. . . NOT letting go of those we love.
One of the advantages to a seminary campus is its library, and we have a fabulous one here. Wandering around this afternoon as I took a little break from the Book of Amos, I cast my eyes over the shelves of new arrivals.
Here's where they landed: Grief: Contemporary Theory and the Practice of Ministry. This looks to be a gem of a little book. I glanced through it and saw that the author breaks down some of our tried-and-not-true and stuck-in-a-rut conventions about grief. The ones that struck me: you have to let go and you have to do it alone.
I think that Melissa Kelley, in a pastoral and professional volume, is urging upon us much of what I've been trying to argue in a personal and experiential way in my blogs. Having witnessed my family's well-intended but mostly inept response to stunning experiences of loss (in another month it will be the 50-year anniversary of my mother's and brother's deaths), and having been urged over the past two years to "let go" of my son, I have concluded that the conventional responses to grief are worthless. They box people into thick-walled prisons of anguish which tend to crack and make way for pain to seep out and poison subsequent circumstances and relationships in the most impossibly defiant kinds of ways.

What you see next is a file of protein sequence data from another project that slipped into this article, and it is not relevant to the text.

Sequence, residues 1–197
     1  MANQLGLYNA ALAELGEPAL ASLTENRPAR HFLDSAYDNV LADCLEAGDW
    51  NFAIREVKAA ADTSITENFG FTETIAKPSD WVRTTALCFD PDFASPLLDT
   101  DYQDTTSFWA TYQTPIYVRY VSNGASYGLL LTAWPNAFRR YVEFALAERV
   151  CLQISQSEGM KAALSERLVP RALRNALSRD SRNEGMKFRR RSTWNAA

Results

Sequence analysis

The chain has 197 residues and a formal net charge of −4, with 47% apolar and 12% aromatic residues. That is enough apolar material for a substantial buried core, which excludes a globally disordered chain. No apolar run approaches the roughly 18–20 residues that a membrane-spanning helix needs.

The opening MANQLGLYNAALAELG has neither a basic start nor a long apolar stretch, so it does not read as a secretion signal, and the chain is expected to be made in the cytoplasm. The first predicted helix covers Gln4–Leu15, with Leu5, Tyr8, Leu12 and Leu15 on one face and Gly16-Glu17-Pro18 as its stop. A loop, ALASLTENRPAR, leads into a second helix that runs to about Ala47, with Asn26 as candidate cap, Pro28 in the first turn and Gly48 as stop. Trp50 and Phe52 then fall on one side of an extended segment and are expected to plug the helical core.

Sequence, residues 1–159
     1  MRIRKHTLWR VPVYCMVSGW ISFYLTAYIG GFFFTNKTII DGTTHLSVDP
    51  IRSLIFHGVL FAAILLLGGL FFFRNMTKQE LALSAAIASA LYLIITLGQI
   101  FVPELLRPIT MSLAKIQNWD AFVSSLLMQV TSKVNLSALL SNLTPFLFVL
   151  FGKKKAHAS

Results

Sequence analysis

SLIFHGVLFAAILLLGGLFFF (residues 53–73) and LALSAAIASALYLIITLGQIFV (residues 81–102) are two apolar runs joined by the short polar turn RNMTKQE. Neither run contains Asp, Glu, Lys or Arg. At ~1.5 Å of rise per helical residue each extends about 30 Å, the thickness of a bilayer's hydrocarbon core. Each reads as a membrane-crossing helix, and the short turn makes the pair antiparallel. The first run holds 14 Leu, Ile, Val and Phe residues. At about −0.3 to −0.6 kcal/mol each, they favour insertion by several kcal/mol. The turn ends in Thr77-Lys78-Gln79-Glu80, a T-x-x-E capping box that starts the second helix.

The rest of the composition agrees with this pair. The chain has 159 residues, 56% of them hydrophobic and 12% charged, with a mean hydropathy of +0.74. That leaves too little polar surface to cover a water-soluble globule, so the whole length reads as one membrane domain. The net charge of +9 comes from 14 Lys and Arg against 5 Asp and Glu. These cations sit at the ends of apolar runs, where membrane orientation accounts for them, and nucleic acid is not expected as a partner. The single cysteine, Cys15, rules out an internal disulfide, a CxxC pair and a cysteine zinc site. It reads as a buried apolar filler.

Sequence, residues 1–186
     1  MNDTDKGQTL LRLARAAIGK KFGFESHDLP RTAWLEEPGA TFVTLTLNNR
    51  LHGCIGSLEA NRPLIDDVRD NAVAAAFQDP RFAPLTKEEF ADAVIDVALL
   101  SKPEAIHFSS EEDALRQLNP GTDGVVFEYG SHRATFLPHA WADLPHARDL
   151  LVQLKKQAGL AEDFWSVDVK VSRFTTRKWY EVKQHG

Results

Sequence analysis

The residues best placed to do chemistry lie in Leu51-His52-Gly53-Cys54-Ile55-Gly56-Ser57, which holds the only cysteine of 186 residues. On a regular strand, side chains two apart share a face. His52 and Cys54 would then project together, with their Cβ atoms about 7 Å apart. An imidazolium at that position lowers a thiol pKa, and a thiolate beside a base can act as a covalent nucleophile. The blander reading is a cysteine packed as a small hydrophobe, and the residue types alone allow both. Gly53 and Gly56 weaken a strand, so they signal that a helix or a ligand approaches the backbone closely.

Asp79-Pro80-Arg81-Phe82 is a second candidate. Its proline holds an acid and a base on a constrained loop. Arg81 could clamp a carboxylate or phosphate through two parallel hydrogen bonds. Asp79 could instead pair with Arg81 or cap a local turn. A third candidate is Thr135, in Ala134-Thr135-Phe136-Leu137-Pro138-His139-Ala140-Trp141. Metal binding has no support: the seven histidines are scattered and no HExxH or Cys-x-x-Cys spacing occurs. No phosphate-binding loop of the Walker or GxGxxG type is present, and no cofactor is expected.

I think that we have to integrate the losses of our loved ones into our lives, not "let go" of those we love or "get over" those losses. I haven't articulated that concept well -- although I recall saying to someone, within weeks of Josh's death, that I have to figure out how to live with the terrible loss of him -- but I've been trying to act upon it.
Maybe that's why I'm able to be here, writing this exam this week. I'm doing both things at once, grieving my son and living the life to which God has invited me, and I'm able to do them together because I insist that they are both parts of who I am now.
I'm hazarding a guess that with integration comes transformation. At least that's what I'm staking my own life on. And I'm figuring that in a decade or two I can let you know whether I'm right.